Copyright 2002 Cahners Business Information, Inc. --This text refers to an alternate Paperback edition.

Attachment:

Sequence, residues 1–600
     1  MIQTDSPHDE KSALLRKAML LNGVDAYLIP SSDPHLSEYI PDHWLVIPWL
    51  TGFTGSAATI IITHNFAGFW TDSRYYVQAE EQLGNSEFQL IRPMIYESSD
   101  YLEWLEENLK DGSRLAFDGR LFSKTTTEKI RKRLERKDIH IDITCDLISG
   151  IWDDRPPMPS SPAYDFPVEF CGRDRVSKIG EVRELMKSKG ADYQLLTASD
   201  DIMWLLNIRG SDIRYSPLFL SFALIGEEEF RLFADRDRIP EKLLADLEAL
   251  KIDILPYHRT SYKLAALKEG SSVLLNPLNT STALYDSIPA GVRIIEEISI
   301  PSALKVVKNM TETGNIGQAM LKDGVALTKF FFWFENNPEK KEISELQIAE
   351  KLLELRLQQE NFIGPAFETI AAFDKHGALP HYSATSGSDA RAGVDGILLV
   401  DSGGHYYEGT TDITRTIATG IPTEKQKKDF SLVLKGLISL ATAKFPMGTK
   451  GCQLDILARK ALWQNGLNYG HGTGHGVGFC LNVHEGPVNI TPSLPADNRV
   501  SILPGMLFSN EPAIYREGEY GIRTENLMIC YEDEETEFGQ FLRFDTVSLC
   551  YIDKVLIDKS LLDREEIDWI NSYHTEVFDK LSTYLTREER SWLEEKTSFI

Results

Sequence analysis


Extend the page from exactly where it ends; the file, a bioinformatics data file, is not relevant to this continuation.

At last, psychology gets serious about glee, fun and happiness. Martin Seligman has given us a gift - a practical map for the perennial quest for a flourishing life. -- Daniel Goleman, author of Emotional Intelligence Seligman takes the best, most recent science in psychology and applies it to our oldest, most basic human questions: How can we be happy? And how can we be good? His book is groundbreaking, heart-lifting, and most important, deeply useful. With pun intended, I'm optimistic about its success. -- Mary Pipher, author of Reviving Ophelia A highly insightful and personal reflection on the nature of happiness, from one of the most creative and ifluential psychologists of our time. -- Steven Pinker, author of The Language Instinct An amazing book! Absolutely full of practical wisdom and its authentic sources. What depth of understanding! Seligman affirms our power of choice with a perspective on old and new psychology I found compelling and fascinating. This book will help restore the Character Ethic. -- Stephen R. Covey, author of The 7 Habits of Highly Effective People An impressive achievement. This book will change how people view psychology and how all of us view ourselves. -- Howard Gardner, Harvard University, author of Multiple Intelligences Martin Seligman is on a mission: to take the rich and suprising findings of a young field called Positive Psychology and use them to imporve the mental, moral and spiritual well-being of his readers. Being Positive Psychology's founder, as well as a vivid, inspiring writer, he is uniquely qualified for this job. Only one person could have written Authentic Happiness, but millions could benefit from it. -- Robert Wright, author of The Moral Animal